The first post-war Church of England Ball was held at the Glen Innes Town Hall on the 26th April 1946 and has been held annually ever since. The Sesquicentenary Ball in 2008 marks the sixty-second occasion. It remains a highlight in the social life of the community and features the presentation of young ladies and their partners to invited dignitaries. The event is one of beauty and celebration, professionally presented. Months of preparation precede the night and involves a dedicated band of people. The Ball is held nowadays at the Glen Innes & District Services Club owing to changes of rules and regulations. This occurred in the 1990’s.
With the change of venue came changed protocol. Presented couples were no longer invited up onto the stage to sit at the official table. Instead a table was laid for the debutants and their partners. One memory associated with the purchase of tickets was the queueing up in Grey Street at an early hour on a cold, frosty June morning in order to claim ‘the best seats in the house’. After 37 years of training the participants many hundreds in number Mrs Leta Kempton retired in 2002.
To add to the eventful year of May 1946, the Rev. Hunter Barratt was made a Canon of the Armidale Cathedral. Also in 1946 the Rev H.S. Hannaford as assistant curate was welcomed to the Parish, with his wife and family and they stayed until the Rev. J. L.G. Sullivan and his wife came to Glen Innes in 1948.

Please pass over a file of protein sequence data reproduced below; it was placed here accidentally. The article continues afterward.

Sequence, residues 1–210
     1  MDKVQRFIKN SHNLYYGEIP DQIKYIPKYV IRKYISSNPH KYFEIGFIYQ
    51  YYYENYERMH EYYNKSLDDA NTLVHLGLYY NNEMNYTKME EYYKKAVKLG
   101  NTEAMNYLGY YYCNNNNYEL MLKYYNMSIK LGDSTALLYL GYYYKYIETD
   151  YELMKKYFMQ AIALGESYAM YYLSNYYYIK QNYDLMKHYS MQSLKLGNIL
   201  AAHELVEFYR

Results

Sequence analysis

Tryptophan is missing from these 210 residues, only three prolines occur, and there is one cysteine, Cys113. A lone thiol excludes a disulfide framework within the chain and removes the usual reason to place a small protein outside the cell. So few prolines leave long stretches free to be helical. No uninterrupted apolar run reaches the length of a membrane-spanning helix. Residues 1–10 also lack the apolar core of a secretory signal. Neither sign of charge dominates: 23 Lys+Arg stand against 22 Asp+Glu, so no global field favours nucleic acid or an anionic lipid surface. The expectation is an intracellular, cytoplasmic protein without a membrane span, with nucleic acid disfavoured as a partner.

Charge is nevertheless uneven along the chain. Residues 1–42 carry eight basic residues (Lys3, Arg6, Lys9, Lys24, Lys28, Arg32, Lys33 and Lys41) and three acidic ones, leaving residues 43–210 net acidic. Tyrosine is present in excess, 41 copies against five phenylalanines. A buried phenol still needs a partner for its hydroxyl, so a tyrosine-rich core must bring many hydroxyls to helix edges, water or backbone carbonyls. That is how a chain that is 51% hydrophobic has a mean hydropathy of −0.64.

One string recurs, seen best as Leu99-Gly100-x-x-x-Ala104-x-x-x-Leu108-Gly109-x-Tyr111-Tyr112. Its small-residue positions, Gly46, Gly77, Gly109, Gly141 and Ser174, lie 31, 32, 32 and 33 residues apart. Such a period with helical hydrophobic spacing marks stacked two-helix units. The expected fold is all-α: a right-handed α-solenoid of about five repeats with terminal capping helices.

In April 1948, tenders were called for the erection of a dwelling in the Church grounds on the corner of Meade Street and Mann’s Lane. B. L. Freak’s tender for £1 687/10 shillings was accepted to build the house that was used as the curatage.
The health of the Rev. Sullivan was not good and in December 1948 he was transferred to Armidale and the Rev. John Dent was appointed deacon to assist in the Parish. When the Rev. Dent left Glen Innes, the Rev. Milton McGregor was appointed Deacon on November 20th, 1950.
The Rev. Canon Barratt’s long ministry terminated in 1951. He and his wife had served the Parish for some 18 years. Their cremated ashes were interred on the southern side of the Church at their passing and simple marble tablets were placed in their memory.